Variomatic Propeller

Would this be something our SP140 could also benefit from?


Interesting question. In what ways do you think it could be useful for ePPG? Variable-pitch props usually improve efficiency for different regimes of flight, particularly distinguishing between the greater demands of takeoff and climb and the nominal demands of cruise flight. Do you expect that this could extend flight endurance by reducing battery power demand during cruise? Since ePPG does not need to run the motor continuously, but effectively manages demand by means of intermittent or proportional operation, it seems to me that it might best use a “climbing prop” at all times. Moreover, endurance that is already limited to only about an hour at best does not admit of much cruising. An ePPG flight consists almost entirely of climbing to some altitude and gliding back down, perhaps several times in a flight session, but not really in a cruising cross-country flight regime. Variable props are traditionally heavier than fixed props, and that is a weight penalty that ePPG cannot afford for its limited flight regime. I think ePPG would prefer to favor devoting all discretionary weight to additional battery endurance, if possible, particularly for foot-launched platforms. Is this particular variable prop very light? How is its pitch controlled? [Edit: Allow me to apologize, please, that I failed to notice that the above picture was actually a link to a YouTube video which answered some of these questions, at least in the context of a continuously-running fueled engine system for which “changing gears” is of benefit to engine efficiency. Nonetheless, the efficiency of electric motors does not follow the same power curve over a range of RPM as an ICE. It does not benefit from “changing gears”, even in a continuously-variable scheme.] Let me return to my initial question: How do you envision such a prop benefiting an ePPG?

It wasn’t clear to me how much of the efficiency was from an inherently more efficient angle of lift, vs keeping the motor closer to its ideal band. If the lift angle is more efficient, that helps even with an electric.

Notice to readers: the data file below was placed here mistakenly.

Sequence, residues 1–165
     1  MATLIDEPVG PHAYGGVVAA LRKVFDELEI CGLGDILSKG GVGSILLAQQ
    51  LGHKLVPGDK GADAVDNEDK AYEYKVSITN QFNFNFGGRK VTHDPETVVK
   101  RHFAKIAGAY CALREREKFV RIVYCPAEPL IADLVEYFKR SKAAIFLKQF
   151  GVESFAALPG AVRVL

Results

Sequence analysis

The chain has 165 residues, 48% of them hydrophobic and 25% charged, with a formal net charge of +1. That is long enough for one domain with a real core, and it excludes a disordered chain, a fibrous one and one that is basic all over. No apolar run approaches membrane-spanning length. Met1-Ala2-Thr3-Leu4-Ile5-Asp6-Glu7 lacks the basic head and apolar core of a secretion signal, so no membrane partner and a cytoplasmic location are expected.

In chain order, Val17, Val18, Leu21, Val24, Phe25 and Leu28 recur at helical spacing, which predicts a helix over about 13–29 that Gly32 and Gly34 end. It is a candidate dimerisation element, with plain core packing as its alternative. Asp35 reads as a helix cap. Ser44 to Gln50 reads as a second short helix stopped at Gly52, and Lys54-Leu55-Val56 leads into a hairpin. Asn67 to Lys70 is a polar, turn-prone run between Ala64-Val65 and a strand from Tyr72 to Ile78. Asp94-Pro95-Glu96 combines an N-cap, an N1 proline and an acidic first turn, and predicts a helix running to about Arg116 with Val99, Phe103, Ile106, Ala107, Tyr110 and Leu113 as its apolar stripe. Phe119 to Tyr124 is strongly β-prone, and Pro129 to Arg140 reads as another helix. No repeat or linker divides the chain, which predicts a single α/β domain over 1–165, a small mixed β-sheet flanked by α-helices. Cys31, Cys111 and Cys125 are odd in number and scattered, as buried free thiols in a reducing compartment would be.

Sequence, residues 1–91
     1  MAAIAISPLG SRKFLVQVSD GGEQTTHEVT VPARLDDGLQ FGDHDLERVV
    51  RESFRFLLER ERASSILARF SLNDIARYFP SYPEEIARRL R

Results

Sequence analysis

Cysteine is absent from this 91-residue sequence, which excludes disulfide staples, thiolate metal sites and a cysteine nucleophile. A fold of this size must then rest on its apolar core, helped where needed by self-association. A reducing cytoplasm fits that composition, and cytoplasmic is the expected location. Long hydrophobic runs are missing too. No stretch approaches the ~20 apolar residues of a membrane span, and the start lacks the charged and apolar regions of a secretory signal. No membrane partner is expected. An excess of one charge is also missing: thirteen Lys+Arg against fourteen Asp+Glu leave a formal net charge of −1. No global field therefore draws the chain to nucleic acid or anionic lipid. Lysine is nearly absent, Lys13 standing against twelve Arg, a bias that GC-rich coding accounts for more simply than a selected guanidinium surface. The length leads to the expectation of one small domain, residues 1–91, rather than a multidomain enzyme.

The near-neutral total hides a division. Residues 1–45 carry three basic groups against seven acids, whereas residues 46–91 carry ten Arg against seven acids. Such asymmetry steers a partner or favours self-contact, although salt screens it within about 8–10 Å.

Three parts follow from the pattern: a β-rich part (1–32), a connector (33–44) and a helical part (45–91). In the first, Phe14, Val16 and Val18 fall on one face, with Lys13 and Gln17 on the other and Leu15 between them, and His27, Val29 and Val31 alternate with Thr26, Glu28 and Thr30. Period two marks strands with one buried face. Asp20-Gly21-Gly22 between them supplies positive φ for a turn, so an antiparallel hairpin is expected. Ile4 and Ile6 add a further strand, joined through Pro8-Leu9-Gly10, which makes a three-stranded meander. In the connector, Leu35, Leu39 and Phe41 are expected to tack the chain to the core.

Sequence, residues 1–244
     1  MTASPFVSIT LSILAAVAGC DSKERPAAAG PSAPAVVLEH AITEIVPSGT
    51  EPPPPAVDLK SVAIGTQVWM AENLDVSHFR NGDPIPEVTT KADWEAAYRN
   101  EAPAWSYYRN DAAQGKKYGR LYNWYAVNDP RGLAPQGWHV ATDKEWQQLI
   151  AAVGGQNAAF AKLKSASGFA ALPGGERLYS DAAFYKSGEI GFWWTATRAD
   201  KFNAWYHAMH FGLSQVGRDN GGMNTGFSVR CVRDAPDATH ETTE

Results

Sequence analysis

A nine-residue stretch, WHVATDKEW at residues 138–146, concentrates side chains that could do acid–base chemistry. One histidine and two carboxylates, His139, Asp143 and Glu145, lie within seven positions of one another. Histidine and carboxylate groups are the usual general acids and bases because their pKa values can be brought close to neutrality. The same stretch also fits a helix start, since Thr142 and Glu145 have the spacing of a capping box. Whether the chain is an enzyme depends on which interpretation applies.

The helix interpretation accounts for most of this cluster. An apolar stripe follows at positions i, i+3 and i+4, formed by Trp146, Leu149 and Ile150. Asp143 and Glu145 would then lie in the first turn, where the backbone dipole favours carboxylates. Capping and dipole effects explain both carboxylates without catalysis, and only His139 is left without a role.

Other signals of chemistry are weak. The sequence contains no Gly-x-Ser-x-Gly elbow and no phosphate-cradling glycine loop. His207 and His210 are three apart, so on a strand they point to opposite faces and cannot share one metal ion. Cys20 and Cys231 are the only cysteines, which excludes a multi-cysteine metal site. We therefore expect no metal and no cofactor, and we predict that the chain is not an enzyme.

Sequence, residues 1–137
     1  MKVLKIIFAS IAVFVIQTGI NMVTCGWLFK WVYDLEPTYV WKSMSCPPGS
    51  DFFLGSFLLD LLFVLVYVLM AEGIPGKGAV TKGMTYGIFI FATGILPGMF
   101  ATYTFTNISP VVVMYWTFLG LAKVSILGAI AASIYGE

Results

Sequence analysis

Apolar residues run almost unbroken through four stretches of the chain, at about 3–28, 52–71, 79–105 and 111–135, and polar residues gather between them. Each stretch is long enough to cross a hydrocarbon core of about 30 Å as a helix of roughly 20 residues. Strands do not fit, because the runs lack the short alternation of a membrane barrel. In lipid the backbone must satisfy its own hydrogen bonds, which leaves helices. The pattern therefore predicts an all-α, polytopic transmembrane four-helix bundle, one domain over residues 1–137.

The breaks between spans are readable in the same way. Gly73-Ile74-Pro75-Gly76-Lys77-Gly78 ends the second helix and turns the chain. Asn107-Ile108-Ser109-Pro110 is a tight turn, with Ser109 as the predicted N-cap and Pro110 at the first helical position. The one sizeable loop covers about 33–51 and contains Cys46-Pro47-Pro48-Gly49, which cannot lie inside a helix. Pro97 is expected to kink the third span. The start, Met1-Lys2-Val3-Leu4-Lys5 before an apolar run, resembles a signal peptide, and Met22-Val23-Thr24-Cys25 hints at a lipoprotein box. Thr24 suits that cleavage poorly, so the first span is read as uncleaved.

For example, max power requires shoving every fixed magnetic pole with max volt/amp any time it would push in the right direction, subject only to how fast you can switch. But that same voltage and amperage will make a bigger difference when a pole is just past the wire (whose current is doing the pushing) then when it is halfway to the next wire. Maybe after tilting to the efficiency setting, you can power the motor 10% less, and maybe that takes 20% off the duty cycle, because you can choose the 20% where it is least efficient. If so, that drains the battery 20% more slowly.
He also mentioned that it is much quieter, and that may be even more important with electric than with gas, because the rotors represent an even greater percentage of the noise.

Many modern ICE cars have 5 or more gear ratios to keep the motor in the power band or efficiency band. CVTs have even been implemented and if done right are worth the power loss due to slippage. Tesla and most other electric cars have one gear ratio.

The concept of positioning the center of lift behind the center of rotation of the blade and using a counter spring system could be applied to EPPG if it were to feather the prop when unpowered.

That could actually provide some revolutionary performance gains.

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Yeah that would definitely increase the glide ratio. Thermaling PPG and powered gliders have successfully used folding propellers. A spring activated feathering would probably work just as well.

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